Why do I need water rights for irrigation?

Why do I need water rights for irrigation?
BY Oregon State University Extension Office

Many new and beginning farmers as well as long-time land managers are unaware that a legal right is needed to use surface water and groundwater for irrigation of any crops that intended for sale. This includes small-scale production for a farmer’s market or CSA.

There are many demands on Oregon’s water resources, which are publicly owned. Even though water, a stream for example runs through your property, it doesn’t belong to you; it belongs to everyone in Oregon. The same is true with groundwater in aquifers deep in the soil. You may have access to a domestic well but that is intended for home use and a few other exemptions, such as a personal home garden and livestock watering.

If you do not have a permitted irrigation well or designated water rights from surface water, here are ways to legally obtain water for commercial irrigation:

  1. Capture rainwater from an artificial impervious surface (roof), store it in tanks and use it when needed. Exempt under ORS 537.141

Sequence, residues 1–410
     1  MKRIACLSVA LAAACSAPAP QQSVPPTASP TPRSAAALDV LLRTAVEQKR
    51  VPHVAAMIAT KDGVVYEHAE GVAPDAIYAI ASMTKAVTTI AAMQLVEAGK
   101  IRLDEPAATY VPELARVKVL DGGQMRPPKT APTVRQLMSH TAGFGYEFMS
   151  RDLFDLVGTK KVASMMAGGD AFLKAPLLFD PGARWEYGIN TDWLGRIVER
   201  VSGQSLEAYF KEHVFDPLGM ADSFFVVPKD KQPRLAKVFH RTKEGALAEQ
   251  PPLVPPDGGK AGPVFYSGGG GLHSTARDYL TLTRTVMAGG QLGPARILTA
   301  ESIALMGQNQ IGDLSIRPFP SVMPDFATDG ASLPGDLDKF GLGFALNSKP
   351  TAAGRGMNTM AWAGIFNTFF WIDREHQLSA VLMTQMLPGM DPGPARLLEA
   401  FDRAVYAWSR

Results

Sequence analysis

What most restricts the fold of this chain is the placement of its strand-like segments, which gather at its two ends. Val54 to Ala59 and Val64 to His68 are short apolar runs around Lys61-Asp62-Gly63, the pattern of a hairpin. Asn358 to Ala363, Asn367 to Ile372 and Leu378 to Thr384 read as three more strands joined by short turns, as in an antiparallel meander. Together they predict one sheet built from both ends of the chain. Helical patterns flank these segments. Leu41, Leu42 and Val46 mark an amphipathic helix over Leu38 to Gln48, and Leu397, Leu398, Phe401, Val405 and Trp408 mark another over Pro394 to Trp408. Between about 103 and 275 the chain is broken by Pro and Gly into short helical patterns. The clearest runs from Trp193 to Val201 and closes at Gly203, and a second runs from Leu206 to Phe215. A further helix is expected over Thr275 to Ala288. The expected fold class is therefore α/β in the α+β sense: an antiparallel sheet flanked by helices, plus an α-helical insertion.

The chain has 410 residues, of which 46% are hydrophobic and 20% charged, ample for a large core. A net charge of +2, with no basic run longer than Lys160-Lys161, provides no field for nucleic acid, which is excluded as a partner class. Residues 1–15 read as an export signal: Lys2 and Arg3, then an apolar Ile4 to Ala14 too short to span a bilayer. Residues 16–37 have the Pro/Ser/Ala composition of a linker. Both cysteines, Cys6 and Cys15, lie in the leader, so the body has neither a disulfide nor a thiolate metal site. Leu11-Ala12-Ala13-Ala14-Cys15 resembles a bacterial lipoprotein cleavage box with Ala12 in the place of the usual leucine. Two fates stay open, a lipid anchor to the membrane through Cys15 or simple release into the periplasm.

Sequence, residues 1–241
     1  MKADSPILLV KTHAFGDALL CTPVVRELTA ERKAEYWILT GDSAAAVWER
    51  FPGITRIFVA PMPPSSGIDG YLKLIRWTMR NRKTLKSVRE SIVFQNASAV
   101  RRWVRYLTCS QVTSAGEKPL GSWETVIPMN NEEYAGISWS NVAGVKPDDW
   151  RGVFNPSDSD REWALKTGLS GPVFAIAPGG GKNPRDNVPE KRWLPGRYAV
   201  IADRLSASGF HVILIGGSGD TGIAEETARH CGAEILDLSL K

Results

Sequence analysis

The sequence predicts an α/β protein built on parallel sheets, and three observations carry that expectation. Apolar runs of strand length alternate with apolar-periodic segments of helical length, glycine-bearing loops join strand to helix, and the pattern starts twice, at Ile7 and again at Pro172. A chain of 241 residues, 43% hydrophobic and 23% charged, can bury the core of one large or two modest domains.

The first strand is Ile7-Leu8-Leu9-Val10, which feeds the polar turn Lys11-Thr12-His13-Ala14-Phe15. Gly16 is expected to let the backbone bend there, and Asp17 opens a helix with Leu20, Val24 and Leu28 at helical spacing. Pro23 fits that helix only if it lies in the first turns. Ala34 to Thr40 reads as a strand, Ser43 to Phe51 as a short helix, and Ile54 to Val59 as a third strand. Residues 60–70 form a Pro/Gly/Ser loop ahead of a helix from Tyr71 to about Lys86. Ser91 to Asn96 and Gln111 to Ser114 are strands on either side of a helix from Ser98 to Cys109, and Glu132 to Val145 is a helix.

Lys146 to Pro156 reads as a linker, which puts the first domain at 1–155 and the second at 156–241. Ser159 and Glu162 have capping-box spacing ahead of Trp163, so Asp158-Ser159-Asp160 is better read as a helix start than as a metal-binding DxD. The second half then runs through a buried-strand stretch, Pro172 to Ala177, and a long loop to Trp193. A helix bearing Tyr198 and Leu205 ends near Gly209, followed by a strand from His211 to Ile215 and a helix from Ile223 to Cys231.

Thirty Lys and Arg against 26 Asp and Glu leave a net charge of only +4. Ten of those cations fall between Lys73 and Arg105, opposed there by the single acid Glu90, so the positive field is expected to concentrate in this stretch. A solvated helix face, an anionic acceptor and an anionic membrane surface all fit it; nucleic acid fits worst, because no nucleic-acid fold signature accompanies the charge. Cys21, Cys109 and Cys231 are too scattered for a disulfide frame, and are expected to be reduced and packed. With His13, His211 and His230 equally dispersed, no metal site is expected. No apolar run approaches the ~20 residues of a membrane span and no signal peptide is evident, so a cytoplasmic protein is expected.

2. Haul water in from a legal municipal source, store it in tanks and use it when needed. No water right required.
  3. Apply for a new Groundwater Permit
  4. Apply for a right to store water in a pond and then a secondary water right to use the stored water for irrigation
  5. File a Transfer application
  1. to move an existing water right to a new property.

The Oregon Water Resources Department (OWRD) regulates water law, including water rights. We recommend contacting your local OWRD Watermaster

if you have specific questions.

In addition, you can access these resources to learn more:

Identify Water Rights and other information in your area using the Water Right Mapping ToolIf you do not have access to irrigation water you can learn more about OSU’s Dry Farming Project.

Disclaimer: Articles featured on Oregon Report are the creation, responsibility and opinion of the authoring individual or organization which is featured at the top of every article.